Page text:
Whole Foods & Morgan Group Near Start on Grocery-Apartment Building
Texas Construction News from Virtual Builders Exchange
Posted 1-21-2016, 4:46 p.m.
by Adolfo Pesquera
Houston (Harris Co.) – A Whole Foods Market and apartment community eight-story building will be considered by the Houston Planning Commission in February.
Known as the Pearl Whole Foods project, this is a 40,000-square-foot Whole Foods that would be at the ground level of a building with four stories of apartment units at the top. In between, would be resident parking on Levels 3 and 4, and below the store would be another two levels of basement parking for Whole Foods customers.
The Morgan Group collaborated with Whole Foods to bring this project into Houston’s Midtown TIRZ, which has given the project its support. The residential portion is called Morgan Smith Street, and the property is bounded by Smith, Elgin and Brazos Streets. It was first announced in May 2015 and has been going through the design process since.
Cross-section view of the Pearl Whole Foods Building
The project site takes up the whole block bounded by Smith, Elgin, Brazos and Rosale streets, and occupies the southern portion of the block north of Rosale Street, which requires abandonment of Rosale Street between Smith and Brazos streets.
The majority of the site today is occupied with street level parking. There is also a one-story block-long building that will be demolished.
The project arrived on the Jan. 21 agenda to consider two variances. However, at staff’s request, the case was moved to the Feb. 4 meeting to allow for further review. One variance request is to reduce the building setback on Smith and Brazos streets to zero, and to reduce the setback to 2 feet along Elgin.
Morgan Group also requested it be waived from the requirement to create visibility triangles on Elgin and Brazos streets. Ordinance requires a visibility triangle of 15 feet from the corner of any intersection.
Staff commented that visibility triangles “are intended to allow drivers to see vehicles approaching at right angles to them. There are very few one-way streets within the city and no special provisions were made for them even when the opposing traffic is on the opposite side of the street, allowing for adequate visibility.”
Pearl Whole Foods site plan
Other staff comments:
“The project plan for Midtown … called for new buildings to be constructed close to the street in order to create the kind of dense urban environment often found in sections of older cities in this country and abroad. Mixed use was also sought so that residents might be able to walk or take transit to restaurants, shops, museums, and places of employment rather than being totally car-dependent.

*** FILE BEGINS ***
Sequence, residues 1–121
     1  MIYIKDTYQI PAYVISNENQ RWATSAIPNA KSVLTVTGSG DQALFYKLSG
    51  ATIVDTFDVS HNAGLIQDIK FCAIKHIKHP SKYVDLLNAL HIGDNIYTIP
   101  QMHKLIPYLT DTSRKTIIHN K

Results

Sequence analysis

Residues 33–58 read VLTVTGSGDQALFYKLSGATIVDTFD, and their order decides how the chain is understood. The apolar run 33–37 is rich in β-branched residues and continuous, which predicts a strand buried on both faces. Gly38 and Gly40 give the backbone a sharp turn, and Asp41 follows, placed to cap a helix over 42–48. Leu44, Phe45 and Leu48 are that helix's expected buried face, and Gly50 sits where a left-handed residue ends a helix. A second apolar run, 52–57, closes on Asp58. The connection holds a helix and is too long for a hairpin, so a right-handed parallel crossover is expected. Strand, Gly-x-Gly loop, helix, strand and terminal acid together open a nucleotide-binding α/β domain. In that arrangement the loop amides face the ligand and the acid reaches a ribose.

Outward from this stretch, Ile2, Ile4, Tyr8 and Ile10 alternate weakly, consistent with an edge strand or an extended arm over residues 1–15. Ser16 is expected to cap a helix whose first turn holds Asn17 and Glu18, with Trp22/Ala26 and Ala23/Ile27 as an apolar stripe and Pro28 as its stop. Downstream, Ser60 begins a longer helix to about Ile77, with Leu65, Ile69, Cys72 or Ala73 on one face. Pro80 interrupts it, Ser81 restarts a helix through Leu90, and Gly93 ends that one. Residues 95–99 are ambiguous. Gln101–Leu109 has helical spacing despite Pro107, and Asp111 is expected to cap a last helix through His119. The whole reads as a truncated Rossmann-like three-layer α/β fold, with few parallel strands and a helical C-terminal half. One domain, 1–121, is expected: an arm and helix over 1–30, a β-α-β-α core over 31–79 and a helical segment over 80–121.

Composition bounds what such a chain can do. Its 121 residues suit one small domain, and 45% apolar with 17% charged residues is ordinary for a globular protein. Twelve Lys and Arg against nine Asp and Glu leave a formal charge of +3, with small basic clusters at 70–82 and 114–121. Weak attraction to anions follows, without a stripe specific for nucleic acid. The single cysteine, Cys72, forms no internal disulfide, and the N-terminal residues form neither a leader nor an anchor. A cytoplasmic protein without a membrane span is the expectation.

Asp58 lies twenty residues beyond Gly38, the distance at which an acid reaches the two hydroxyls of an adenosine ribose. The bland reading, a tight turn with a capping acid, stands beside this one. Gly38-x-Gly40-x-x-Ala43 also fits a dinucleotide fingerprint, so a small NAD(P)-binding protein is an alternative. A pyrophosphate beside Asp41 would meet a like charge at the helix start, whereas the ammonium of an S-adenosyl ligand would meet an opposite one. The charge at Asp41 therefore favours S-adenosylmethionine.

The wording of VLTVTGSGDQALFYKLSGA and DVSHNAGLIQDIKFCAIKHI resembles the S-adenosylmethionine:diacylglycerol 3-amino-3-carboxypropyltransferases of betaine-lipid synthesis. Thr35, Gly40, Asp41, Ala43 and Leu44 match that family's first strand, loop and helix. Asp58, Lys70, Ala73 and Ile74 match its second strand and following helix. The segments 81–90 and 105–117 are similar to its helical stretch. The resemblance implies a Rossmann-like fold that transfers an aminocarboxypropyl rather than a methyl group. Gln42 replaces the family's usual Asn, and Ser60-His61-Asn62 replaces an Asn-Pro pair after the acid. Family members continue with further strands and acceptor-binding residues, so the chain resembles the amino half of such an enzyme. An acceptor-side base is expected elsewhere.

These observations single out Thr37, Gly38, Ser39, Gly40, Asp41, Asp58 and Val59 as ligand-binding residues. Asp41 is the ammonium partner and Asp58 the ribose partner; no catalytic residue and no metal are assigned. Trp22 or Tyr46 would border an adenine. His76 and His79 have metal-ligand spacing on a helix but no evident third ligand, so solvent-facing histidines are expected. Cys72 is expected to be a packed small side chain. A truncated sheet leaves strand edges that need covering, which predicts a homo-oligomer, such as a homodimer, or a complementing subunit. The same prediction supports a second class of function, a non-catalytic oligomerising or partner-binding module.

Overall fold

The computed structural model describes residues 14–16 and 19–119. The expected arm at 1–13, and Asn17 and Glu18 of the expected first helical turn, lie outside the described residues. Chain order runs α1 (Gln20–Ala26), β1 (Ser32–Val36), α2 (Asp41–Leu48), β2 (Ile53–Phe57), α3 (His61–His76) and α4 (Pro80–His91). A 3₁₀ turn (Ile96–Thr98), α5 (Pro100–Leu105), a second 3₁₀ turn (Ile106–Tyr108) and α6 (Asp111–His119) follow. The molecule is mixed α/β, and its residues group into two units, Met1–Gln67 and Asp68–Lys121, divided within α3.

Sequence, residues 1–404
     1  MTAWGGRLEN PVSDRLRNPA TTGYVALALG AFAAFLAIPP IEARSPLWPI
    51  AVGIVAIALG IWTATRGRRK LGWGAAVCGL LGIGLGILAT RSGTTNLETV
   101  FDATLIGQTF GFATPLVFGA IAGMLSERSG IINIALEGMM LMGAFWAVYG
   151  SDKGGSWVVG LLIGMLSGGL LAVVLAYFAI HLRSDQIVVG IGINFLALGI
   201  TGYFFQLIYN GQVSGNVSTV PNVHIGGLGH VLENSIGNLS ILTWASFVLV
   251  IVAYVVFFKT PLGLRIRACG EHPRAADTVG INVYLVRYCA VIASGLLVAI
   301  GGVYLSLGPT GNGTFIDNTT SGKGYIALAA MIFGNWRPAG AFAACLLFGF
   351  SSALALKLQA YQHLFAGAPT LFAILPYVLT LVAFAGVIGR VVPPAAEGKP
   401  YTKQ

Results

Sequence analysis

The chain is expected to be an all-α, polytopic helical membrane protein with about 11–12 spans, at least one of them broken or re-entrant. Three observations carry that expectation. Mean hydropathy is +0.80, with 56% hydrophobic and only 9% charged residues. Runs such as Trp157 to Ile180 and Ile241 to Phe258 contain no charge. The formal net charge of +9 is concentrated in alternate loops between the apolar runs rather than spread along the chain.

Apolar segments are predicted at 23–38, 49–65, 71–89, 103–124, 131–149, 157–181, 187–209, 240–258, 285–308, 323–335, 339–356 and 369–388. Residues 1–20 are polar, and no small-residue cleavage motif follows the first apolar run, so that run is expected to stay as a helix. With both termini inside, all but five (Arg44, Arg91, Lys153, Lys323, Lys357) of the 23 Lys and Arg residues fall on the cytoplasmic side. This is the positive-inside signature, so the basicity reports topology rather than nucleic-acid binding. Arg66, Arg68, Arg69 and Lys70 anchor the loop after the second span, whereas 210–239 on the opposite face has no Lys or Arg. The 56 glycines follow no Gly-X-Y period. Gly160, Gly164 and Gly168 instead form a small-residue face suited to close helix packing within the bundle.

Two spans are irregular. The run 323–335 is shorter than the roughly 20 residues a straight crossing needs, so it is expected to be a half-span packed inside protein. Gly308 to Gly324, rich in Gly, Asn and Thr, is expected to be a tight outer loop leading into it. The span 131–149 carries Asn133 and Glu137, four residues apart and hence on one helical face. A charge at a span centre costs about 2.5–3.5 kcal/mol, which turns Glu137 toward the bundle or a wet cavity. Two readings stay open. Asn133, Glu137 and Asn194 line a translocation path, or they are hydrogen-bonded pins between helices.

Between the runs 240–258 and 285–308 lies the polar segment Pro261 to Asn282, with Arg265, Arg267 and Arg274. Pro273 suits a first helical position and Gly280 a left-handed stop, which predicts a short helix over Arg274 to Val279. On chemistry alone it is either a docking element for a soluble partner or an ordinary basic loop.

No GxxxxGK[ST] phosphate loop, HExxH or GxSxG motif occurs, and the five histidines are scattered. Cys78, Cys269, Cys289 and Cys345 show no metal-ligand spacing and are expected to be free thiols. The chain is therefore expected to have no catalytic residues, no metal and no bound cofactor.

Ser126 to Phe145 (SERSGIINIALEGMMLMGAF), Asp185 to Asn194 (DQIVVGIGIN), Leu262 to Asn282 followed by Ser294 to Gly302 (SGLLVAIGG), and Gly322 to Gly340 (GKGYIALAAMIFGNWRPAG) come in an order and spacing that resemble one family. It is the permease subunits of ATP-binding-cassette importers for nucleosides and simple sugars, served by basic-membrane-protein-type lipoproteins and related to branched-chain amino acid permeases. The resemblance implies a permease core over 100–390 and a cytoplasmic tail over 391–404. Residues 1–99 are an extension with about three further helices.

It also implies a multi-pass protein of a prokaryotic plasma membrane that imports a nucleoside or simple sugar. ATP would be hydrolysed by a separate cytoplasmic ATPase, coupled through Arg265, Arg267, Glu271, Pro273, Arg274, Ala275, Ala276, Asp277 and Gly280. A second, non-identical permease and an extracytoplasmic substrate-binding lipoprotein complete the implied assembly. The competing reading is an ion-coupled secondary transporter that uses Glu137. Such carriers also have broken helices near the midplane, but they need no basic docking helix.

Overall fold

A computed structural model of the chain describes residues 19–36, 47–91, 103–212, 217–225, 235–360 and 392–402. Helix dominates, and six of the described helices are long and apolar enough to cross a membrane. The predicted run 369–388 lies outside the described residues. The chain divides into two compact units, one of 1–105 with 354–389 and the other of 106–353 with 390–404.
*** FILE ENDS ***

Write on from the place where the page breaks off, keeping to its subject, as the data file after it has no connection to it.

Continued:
“Most of the development to date has been mixed horizontally rather than vertically, as proposed in this project. Constructing the buildings close to the street is seen to be a major factor in creating a pedestrian-friendly streetscape – one which makes pedestrians feel safe and welcome and which is interesting and pleasant to walk along.
“If the Commission grants the requested variance, this project will have a pedestrian zone on all three sides with enhanced paving materials, wider sidewalks, and larger street trees. Windows on two sides will give the pedestrians views into the grocery store and the entry/public area of the apartments.
“The pedestrian area along Smith will be 14 feet-11 2/3 inches (the building will be 7 inches from the property line at the ground floor). Along Elgin, it will be 19 feet-8 inches from the curb (5 feet-8 inches from the property line on the ground floor). Along Brazos, it will be 15 feet-8 inches (1.5 inches from the property line).
“All streets will have enhanced paving to further make things more interesting for pedestrians. A mural is proposed on the Smith Street wall and a special material pattern on the Brazos ground floor facade. Windows will line the Elgin ground level. New street trees will be planted.”
Pearl Whole Foods – Smith Street level sections
A Pearl Luxury Project
Morgan Group previously reported that Ziegler-Cooper designed the structure to provide 260 rental studio, one- and two-bedrrom units with an average area of 820 square feet, and rents of about $2.40 per square foot. That is more than $1.30 per square foot above the current average market rate for a Houston apartment.
Premium amenities will include Bluetooth sound systems, a sky lounds, state-of-to-art fitness center and a resort style pool courtyard.
Development Vice President Philip Morgan said in the prepared statement, “We’re focused on providing a great sense of community, comfort and convenience at all of our Pearl developments, not only with the amenities and finishes within the development, but also by tying them into the character of the surrounding neighborhood.
“There is no better amenity for our residents–or better enhancement to the Midtown neighborhood–than an urban grocery store like Whole Foods Market.”
Adolfo Pesquera (Reporter/Editor) is a veteran news journalist. He has worked for Hearst Corp., American Lawyer Media, News Corp and Freedom Communications. His work has been published in newspapers and magazines across the USA. He is a journalism graduate of UT-RGV. He writes, edits and creates digital pages for VBX.